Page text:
to the new president, Chris Plunkett,
who, the Italian defendants claim, reneged on Black Sr.'s April
1996 promise to provide monthly financial support and failed to
resolve outstanding issues related to the pizza machines and food
product. Black Sr. also informed Fojanini and Ferroni that
Nouveau had no intention of changing the pizza ingredients and
nevertheless insisted that they purchase additional Nouveau
vending machines. Fojanini and Ferroni brought a suit against
Nouveau, Black Sr., and Black Jr. in May 1997, stating tort
claims of fraud, and intentional and negligent
Defendants Black Sr., and Black Jr., sought coverage in that
suit under a directors and officers liability insurance policy
that Nouveau purchased from plaintiff American Guarantee
Liability and Insurance Company ("American Guarantee").*fn5
American Guarantee then filed this suit, seeking a declaration
that it has no duty to cover or defend in the underlying action.
Plaintiff and defendants Fojanini, Ferroni, and Europe Invest
have filed cross-motions (Document Nos. 22 and 23) for summary
judgment in this declaratory judgment action.*fn6
For the following reasons, upon consideration of the parties'
motions and the evidence pursuant to Rule 56 of the Federal Rules
of Civil Procedure, the motion of plaintiff will be denied, and
the motion of defendants will be granted in part and denied in
According to Rule 56(c) of the Federal Rules of Civil
Procedure, "if the pleadings, depositions, answers to
interrogatories, and admissions on file, together with the
affidavits, if any, show that there is no genuine issue as to any
material fact and that the moving party is entitled to a judgment
as a matter of law," then a motion for summary judgment must be
granted. The question before the Court at the summary judgment
stage is "whether the evidence presents a sufficient disagreement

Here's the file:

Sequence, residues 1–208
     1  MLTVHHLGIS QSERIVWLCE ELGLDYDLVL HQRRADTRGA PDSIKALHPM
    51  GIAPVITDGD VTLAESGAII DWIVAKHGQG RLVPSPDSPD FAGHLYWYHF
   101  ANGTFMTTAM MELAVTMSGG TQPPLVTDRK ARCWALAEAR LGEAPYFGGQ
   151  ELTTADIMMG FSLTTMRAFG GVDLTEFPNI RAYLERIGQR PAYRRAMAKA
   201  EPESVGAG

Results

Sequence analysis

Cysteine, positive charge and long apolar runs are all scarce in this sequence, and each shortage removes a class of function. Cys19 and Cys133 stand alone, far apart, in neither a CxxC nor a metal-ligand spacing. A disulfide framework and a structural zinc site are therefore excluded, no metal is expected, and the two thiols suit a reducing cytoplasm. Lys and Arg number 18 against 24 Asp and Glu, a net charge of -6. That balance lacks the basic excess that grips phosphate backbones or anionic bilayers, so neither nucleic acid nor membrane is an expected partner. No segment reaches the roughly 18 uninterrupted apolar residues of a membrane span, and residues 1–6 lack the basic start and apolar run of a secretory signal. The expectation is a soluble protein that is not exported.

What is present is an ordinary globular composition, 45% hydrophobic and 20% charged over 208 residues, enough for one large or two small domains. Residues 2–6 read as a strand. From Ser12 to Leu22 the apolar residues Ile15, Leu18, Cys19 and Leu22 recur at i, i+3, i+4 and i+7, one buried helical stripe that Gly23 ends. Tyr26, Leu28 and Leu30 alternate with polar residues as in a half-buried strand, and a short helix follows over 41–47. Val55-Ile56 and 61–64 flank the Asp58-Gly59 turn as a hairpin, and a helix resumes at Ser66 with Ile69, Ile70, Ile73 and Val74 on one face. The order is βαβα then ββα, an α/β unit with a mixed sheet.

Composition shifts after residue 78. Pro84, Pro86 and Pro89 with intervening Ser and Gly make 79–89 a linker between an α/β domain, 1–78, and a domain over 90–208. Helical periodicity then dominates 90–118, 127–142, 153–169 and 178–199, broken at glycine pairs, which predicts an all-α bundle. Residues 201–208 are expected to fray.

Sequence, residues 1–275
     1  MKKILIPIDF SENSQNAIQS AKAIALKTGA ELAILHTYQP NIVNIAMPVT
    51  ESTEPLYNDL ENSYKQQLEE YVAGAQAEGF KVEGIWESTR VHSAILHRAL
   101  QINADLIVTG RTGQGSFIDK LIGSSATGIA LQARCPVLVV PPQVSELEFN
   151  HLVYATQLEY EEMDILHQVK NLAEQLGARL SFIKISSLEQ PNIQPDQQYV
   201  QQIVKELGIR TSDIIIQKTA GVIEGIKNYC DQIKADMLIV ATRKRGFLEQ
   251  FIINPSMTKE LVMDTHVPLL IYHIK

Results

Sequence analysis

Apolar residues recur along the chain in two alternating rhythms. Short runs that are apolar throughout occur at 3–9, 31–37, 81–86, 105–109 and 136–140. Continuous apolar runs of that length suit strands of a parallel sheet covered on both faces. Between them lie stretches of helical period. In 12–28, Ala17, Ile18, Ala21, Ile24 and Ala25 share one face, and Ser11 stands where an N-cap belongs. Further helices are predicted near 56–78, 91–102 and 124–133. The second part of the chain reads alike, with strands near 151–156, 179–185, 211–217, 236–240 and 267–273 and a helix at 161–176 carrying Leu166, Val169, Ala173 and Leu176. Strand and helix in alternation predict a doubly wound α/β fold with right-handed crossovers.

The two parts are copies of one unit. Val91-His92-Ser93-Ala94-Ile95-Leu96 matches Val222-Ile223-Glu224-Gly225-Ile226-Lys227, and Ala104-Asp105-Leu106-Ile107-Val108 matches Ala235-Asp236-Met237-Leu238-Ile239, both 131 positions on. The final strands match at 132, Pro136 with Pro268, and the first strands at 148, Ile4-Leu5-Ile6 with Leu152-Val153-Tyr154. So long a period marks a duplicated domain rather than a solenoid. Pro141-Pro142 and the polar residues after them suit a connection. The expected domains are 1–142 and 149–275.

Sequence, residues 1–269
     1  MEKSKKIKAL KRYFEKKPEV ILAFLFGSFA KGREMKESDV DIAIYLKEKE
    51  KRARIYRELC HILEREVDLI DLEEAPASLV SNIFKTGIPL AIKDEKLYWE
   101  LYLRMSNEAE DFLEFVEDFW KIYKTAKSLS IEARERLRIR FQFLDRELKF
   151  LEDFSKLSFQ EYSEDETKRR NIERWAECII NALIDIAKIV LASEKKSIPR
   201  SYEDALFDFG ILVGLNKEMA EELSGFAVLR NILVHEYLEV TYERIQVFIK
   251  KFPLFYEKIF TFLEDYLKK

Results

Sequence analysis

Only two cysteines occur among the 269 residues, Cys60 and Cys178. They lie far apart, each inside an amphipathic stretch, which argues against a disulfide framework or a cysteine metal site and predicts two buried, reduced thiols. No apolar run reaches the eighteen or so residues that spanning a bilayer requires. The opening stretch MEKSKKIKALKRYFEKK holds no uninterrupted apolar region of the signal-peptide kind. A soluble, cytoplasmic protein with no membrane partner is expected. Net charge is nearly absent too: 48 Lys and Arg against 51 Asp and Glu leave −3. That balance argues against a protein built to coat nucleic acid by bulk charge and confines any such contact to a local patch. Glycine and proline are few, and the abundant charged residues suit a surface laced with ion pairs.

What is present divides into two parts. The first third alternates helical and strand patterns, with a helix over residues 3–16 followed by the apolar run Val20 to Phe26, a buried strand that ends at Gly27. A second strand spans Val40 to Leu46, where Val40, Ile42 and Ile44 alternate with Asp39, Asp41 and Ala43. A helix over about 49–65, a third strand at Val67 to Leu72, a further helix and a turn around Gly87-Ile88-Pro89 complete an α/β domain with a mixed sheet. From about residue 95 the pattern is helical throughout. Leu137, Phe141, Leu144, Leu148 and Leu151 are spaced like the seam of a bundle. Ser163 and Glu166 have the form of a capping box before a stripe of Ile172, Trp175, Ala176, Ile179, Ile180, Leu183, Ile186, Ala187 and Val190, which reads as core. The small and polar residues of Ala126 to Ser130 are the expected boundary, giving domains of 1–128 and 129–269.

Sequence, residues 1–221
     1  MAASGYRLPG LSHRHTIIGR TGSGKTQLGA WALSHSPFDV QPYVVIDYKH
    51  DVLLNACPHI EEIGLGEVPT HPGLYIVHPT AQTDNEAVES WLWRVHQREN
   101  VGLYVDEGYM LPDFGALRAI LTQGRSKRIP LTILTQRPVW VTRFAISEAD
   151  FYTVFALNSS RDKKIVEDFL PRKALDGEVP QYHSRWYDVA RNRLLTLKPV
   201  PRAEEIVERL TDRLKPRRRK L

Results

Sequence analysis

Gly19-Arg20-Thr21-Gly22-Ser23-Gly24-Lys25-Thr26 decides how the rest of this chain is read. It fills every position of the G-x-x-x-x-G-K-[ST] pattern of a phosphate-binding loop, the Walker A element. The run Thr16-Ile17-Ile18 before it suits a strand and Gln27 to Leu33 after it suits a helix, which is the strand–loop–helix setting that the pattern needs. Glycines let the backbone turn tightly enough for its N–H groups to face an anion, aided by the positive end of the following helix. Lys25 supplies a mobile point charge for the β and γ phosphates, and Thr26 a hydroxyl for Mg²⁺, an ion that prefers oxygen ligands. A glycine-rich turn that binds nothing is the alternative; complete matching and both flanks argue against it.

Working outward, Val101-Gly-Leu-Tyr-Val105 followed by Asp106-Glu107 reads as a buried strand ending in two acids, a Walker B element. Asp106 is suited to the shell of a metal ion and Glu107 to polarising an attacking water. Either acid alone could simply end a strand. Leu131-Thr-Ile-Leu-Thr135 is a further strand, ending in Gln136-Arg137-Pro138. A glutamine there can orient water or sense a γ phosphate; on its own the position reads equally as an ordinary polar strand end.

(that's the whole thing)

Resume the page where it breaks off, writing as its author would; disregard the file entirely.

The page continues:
to require submission to a jury or whether it is so one-sided
that one party must prevail as a matter of law." See Anderson v.
Liberty Lobby, 477 U.S. 242, 251-52, 106 S.Ct. 2505, 2511, 91
L.Ed.2d 202 (1986). The Court's role at summary judgment is not
to weigh the evidence, but to determine whether there is a
genuine issue for trial; that is, an issue upon which a
reasonable jury could return a verdict in the non-moving party's
favor. See id. at 249, 106 S.Ct. at 2511.
The moving party "bears the initial responsibility of informing
the district court of the basis for its motion, and identifying
those portions of `the pleadings, depositions, answers to
interrogatories, and admissions on file, together with the
affidavits, if any,' which it believes demonstrate the absence of
a genuine issue of material fact." Celotex Corp. v. Catrett,
477 U.S. 317, 323, 106 S.Ct. 2548, 2553, 91 L.Ed.2d 265 (1986).
The nonmoving party must then "go beyond the pleadings and by her
own affidavits, or by the `depositions, answers to
interrogatories, and admissions on file,' designate `specific
facts showing that there is a genuine issue for trial.'" Id. at
324, 106 S.Ct. at 2553.
In deciding whether there is a disputed issue of material fact,
the "inferences to be drawn from the underlying facts . . . must
be viewed in the light most favorable to the party opposing the
motion." Matsushita Elec. Indus. Co. v. Zenith Radio Corp.,
475 U.S. 574, 587, 106 S.Ct. 1348, 1356, 89 L.Ed.2d 538 (1986)
(quoting United States v. Diebold, Inc., 369 U.S. 654, 655, 82
S.Ct. 993, 994, 8 L.Ed.2d 176 (1962)). On cross-motions for
summary judgment, the court must determine separately on each
party's motion whether judgment may be entered in accordance with
the summary judgment standard. See Sobczak v. JC Penny Life Ins.
Co., 1997 WL 83749 (E.D.Pa. Feb. 18, 1997), ...